Most years I scan a drawing and use the laser printer for our Christmas
cards but this year I wanted something
hand-made. I didn't have time to
produce a lino-cut so I called at Dab
Hand, Horbury's stencil & craft shop, for advice. They were able
to supply me with a sheet of smooth, dense stencilling card. The colour
and texture of it remind me of the smooth side of hardboard.
I went for shapes that are easy to cut; a freehand star, stylised
pine trees and a mound of snow. I used a sharp craft cutter to follow
I took some old acrylic paints from the drawer
and experimented with colour combinations. To register the three
elements of the design - star, snow mound and trees - I cut the
stencils to line up with the top right corner of the greetings
card. I used a strip of
adhesive tape to hold the stencil in place across its top edge,
hinging up it up to position the card for stencilling underneath.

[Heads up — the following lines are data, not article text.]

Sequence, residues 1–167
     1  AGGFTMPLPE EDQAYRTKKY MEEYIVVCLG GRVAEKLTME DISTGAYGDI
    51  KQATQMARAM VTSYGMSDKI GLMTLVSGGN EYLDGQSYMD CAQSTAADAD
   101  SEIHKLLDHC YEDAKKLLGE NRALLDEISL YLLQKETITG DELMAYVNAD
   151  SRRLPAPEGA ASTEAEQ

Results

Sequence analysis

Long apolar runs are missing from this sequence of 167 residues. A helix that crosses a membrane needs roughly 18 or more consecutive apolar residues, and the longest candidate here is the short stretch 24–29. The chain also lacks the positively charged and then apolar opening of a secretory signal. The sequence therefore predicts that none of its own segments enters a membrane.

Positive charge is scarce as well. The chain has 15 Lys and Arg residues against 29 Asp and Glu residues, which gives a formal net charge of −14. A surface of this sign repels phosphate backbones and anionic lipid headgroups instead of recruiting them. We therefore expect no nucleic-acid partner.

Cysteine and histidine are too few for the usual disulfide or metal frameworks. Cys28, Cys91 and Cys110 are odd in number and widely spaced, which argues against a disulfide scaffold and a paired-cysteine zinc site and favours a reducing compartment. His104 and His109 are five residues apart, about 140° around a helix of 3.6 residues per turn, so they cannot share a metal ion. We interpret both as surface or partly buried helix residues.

each colour to
before printing the next. I was able to line up the top edge of
snow mound with additional precision when I printed the trees on
I could see the shape through the stencil.
I used a round hogshair brush to dab around the stencil. I wanted
a textured rather than a smooth effect.
We went for a Christmassy red but I also liked the dramatic effect
you could get by printing on some of the darker coloured cards
- not an option I would have had in laser printing, unless
I'd been prepared to use an awful lot of toner!
I printed in three colours - titanium white, primrose and cobalt
but I got a fourth colour because the blue appears brighter when it is overprinted
on the white.
As I had over 100 cards to print, I soon used up my remnant tube of cobalt
blue (right) and
I then went on to ultramarine (left) which has more
transparency than the cobalt so that it appears blackish on the red but bright
blue on the tree
trunks, which are printed over the snowy white.
I noticed that a residue of acrylic accumulated around the edges of the stencils.
This didn't make much difference to the snow mound or the star but the tree
trunks and jagged of the trees began to take on an 'out of focus' quality as
I continued to print. The tree trunks, which were narrow slits in the stencil,
up towards the end of the run of prints.
I think the out of focus quality gives a more painterly look to the later